The new build lending market outlook in the UK is seeing growing confidence, competition and activity but is clouded by a dependency on Help to Buy, it is claimed.
Help to Buy equity loans made up 27% of all new housing completions and 5% of all housing transactions between April 2013 and March 2017, backed by £21 billion of Government funding to 2021.
However, according to the Intermediary Mortgage Lenders Association (IMLA) there needs to be a solution beyond 2021 which avoids any cliff edge and maintains progress in the new build market.
In a new report the IMLA says Britain’s new build market needs to confront its dependency on the Help to Buy equity loan scheme along with growing new home ‘premiums’ and issue of leasehold sales.
The report, Keeping Britain building: mortgage lending in the new build sector, explores progress made in mortgage lending on new homes since the 2007/2008 recession and the remaining challenges for industry and Government to tackle. In doing so, it considers how lenders’ confidence to lend on new build property has grown substantially in recent years, despite its continuing specialist nature.
It says that this has been helped by increased lender confidence in this market, reflected in higher loan to value limits on new build and less restrictive site exposure limits, more dialogue with house builders, a shift in the mix towards houses and away from flats, reducing to a degree the risks of price volatility, and a range of controls including greater disclosure on builder incentives involved in new build purchases.
At the same time, it points out that the Help to Buy equity loan scheme has helped maintain lending to first time buyers and others on new properties and drive up lender competition.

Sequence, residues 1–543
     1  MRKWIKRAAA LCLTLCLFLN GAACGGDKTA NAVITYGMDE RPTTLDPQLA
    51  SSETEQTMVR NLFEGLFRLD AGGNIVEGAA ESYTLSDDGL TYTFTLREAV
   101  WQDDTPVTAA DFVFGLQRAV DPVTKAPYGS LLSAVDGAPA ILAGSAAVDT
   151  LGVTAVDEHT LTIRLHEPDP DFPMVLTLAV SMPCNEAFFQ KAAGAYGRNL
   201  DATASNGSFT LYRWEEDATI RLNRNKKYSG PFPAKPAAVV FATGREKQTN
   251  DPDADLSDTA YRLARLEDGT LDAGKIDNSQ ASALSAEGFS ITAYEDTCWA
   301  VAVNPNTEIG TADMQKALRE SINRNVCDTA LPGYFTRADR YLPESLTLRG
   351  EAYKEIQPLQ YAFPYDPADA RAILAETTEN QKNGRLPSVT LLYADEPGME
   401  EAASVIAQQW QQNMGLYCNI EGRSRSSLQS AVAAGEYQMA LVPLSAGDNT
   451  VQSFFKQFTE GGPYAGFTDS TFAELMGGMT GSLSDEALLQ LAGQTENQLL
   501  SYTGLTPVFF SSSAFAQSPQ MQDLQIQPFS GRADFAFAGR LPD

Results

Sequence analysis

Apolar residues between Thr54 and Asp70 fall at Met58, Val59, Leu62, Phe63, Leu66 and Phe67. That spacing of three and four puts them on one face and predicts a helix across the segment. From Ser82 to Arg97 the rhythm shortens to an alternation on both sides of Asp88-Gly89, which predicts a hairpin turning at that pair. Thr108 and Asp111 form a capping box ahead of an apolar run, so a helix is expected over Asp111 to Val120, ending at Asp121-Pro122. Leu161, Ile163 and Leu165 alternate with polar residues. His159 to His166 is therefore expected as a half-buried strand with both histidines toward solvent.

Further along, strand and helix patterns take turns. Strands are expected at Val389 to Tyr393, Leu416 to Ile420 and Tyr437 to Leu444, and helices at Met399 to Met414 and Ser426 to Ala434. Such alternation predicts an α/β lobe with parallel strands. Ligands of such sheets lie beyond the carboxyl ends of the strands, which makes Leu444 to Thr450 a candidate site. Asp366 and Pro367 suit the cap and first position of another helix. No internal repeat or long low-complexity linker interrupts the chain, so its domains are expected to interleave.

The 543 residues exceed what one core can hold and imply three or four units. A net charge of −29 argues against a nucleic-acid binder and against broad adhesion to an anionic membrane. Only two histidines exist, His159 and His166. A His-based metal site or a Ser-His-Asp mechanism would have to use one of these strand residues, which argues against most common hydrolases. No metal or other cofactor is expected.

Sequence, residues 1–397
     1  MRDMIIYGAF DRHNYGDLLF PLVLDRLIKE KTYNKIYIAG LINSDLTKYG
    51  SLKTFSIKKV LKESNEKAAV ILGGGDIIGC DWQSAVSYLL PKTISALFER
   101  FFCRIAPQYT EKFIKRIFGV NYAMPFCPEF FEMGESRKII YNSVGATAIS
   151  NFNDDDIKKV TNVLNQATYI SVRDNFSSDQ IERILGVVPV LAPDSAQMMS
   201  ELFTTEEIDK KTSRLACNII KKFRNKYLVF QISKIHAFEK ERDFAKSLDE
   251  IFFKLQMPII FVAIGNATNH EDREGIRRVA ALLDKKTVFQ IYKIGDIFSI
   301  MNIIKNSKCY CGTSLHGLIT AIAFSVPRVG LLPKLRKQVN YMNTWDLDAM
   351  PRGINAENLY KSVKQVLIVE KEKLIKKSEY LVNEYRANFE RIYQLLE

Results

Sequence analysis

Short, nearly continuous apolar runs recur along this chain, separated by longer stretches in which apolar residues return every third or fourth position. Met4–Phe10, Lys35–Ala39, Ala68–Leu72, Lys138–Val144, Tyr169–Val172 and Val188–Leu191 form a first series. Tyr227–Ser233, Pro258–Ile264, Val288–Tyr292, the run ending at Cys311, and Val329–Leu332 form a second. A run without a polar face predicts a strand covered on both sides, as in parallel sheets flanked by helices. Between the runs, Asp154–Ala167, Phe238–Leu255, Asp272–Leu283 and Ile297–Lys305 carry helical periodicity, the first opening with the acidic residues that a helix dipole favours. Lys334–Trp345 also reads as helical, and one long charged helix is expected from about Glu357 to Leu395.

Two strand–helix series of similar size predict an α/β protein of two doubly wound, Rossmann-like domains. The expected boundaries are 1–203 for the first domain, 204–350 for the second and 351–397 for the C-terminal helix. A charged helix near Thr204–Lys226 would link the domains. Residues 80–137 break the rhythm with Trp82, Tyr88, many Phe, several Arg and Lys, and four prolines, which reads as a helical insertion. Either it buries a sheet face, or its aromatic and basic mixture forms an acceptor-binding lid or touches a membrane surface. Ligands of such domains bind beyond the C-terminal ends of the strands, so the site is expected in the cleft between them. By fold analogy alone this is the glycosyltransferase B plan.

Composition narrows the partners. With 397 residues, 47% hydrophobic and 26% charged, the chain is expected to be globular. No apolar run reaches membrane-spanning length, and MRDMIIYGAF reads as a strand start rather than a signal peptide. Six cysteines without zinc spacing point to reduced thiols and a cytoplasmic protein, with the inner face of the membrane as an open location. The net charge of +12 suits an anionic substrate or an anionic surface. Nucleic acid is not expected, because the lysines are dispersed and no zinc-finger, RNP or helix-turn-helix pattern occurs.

However, the IMLA report highlights concerns over this level of dependency, and suggests that withdrawing the scheme without replacement on its current timetable might weaken the new build market to the detriment of borrowers, Government, house builders and lenders.
It calls on mortgage lenders to actively work with government and house builders to inform decisions on a future replacement scheme beyond 2021. Lenders saw their exposure to credit risk increase with the shift from NewBuy to Help to Buy, while buyers under the latter scheme have the ongoing liability of an equity loan with interest to pay after five years which kicks in next year for 2013’s early adopters.
The report also highlights the issue of new build valuations and calls on valuers to remain vigilant towards unjustified new build premiums. While the advantages of purchasing a new home, such as an NHBC guarantee and lower running costs, justify a higher price, the premium has risen significantly in recent years and has been impacted by less sustainable factors including builder incentives and even Government support schemes such as Help to Buy.
Lastly, it suggests that the use of leasehold by house builders with the inclusion of onerous ground rent clauses makes it questionable whether some new properties have any substantial long term value. For example, where ground rents double every 10 years, a £250 ground rent will become £8,000 in 50 years and £32,000 in 70 years. Some lenders have stopped lending on these properties altogether, while others approach with caution on a case by case basis.
‘Aside from the impact of any decisions on the future of Help to Buy, lender sentiment towards new homes is influenced by the new build premium, builder incentives and ongoing concerns about the UK housing supply model which for a variety of reasons has consistently failed to deliver adequate number of homes to meet demand,’ said Peter Williams, executive director at IMLA.
‘Lenders will always see new build as different and, indeed, potentially riskier, but significant progress has been made in the last ten years to put lending activity on a surer footing. Government stimulus has played an important role in stimulating this market, and whether this means on-going support to help buyers with modest deposits to buy new properties is needed beyond 2021 remains to be seen,’ he explained.
‘Industry should stand ready to support initiatives that ensure a healthy supply of new homes for first time buyers with modest deposits, while ensuring that the solution works effectively for lenders as well as housebuilders,’ he added.